2,000-year-old bison skull discovered in Banff returned to Siksika First Nation
A 2,000-year-old bison skull discovered in downtown Banff was returned to the Siksika First Nation Friday
Elders and community leaders with the Siksika First Nation are celebrating the return of an ancient bison skull from the town of Banff.
It was discovered during a construction project while crew were trying to replace a light stand. Parks Canada officials contacted Siksika and the skull is now being stored at the Blackfoot Crossing Historical Park.
Carbon dating suggests it’s from 2,000 years ago.
“It has cultural significance that has been part of our way of life since time immemorial," said Eldon Weasel Child of the Siksika band council. "It was handed down to us from the creator as a way of giving thanks for all that we receive from the buffalo."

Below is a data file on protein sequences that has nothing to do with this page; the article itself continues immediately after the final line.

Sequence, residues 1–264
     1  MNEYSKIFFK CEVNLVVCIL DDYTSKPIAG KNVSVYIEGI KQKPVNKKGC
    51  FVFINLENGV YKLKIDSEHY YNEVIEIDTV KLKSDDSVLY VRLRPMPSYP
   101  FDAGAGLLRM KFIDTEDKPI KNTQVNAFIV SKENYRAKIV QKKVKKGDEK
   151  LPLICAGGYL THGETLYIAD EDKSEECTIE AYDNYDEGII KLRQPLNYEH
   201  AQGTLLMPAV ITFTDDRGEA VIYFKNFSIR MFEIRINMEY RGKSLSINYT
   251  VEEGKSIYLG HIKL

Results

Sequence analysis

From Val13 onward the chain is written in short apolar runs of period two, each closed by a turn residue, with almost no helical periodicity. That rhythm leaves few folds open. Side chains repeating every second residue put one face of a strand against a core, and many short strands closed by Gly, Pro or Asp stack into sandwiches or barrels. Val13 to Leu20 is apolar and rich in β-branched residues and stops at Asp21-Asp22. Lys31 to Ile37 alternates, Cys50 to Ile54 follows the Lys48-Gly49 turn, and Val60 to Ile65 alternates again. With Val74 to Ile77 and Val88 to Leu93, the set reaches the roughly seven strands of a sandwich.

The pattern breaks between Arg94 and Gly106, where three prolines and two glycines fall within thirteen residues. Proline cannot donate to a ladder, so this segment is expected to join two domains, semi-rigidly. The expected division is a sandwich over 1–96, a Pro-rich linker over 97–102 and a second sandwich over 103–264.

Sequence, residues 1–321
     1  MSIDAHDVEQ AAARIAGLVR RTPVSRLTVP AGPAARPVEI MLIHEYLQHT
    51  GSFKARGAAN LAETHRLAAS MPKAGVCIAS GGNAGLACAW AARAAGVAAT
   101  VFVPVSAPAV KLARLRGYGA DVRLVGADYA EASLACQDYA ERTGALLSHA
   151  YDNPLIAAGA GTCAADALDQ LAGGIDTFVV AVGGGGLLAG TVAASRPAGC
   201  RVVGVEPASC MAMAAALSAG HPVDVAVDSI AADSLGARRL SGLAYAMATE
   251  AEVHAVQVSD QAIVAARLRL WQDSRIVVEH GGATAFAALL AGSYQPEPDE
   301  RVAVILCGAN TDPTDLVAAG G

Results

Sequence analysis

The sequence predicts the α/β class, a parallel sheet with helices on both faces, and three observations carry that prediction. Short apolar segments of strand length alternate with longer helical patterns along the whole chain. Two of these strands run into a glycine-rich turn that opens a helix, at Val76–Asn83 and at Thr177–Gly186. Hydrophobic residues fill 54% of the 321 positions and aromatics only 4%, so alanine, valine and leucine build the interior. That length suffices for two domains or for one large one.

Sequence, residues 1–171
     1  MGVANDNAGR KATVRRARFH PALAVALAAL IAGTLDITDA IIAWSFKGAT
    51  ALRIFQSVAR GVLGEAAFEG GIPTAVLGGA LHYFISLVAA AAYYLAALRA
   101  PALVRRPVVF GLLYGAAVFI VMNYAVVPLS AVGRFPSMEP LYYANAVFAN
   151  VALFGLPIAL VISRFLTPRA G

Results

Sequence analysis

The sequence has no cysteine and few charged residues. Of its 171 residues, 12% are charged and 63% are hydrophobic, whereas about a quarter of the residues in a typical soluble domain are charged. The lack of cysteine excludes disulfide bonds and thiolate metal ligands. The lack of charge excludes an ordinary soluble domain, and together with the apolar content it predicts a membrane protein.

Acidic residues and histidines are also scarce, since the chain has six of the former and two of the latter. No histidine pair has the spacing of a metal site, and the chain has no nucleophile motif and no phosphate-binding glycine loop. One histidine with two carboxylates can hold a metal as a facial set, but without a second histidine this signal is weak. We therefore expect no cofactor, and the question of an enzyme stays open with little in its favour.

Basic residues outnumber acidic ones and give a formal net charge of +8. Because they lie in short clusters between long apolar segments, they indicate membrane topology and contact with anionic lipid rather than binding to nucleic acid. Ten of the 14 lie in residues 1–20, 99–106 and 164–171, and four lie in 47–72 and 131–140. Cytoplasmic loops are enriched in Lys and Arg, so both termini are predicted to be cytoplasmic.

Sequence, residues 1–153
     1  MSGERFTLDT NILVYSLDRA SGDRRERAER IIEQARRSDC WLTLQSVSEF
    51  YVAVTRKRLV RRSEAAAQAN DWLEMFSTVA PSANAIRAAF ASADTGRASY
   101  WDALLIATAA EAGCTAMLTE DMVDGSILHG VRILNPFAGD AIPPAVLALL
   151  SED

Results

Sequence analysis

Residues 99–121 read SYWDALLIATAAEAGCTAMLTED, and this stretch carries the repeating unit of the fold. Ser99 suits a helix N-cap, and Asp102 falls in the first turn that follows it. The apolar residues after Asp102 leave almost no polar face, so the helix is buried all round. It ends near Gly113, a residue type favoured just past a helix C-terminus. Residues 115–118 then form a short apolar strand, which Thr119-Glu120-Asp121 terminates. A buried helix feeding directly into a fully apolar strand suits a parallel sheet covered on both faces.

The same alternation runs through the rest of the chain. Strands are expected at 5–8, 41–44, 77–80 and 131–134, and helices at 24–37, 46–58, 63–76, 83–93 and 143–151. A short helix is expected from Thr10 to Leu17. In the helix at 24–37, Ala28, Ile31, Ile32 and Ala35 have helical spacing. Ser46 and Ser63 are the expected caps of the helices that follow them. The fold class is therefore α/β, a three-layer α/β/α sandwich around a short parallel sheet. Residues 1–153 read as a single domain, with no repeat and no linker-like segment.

Traditional Blackfoot territory extends to the Rocky Mountains, and many artifacts of ceremonial significance have been discovered in the parks and foothills, said Weasel Child.
The bison skull was blessed during a ceremony at Blackfoot Crossing Historical Park on Friday. Annie McMaster, Siksika Nation’s teen princess, was also on hand for the ceremony.
“Having this bison skull on display here at Blackfoot crossing park is so amazing. Siksika people have a strong connection to our traditional territory, which include the Rocky Mountains,” said McMaster.
The skull can viewed in a permanent display at the Blackfoot Crossing Historical Park in January.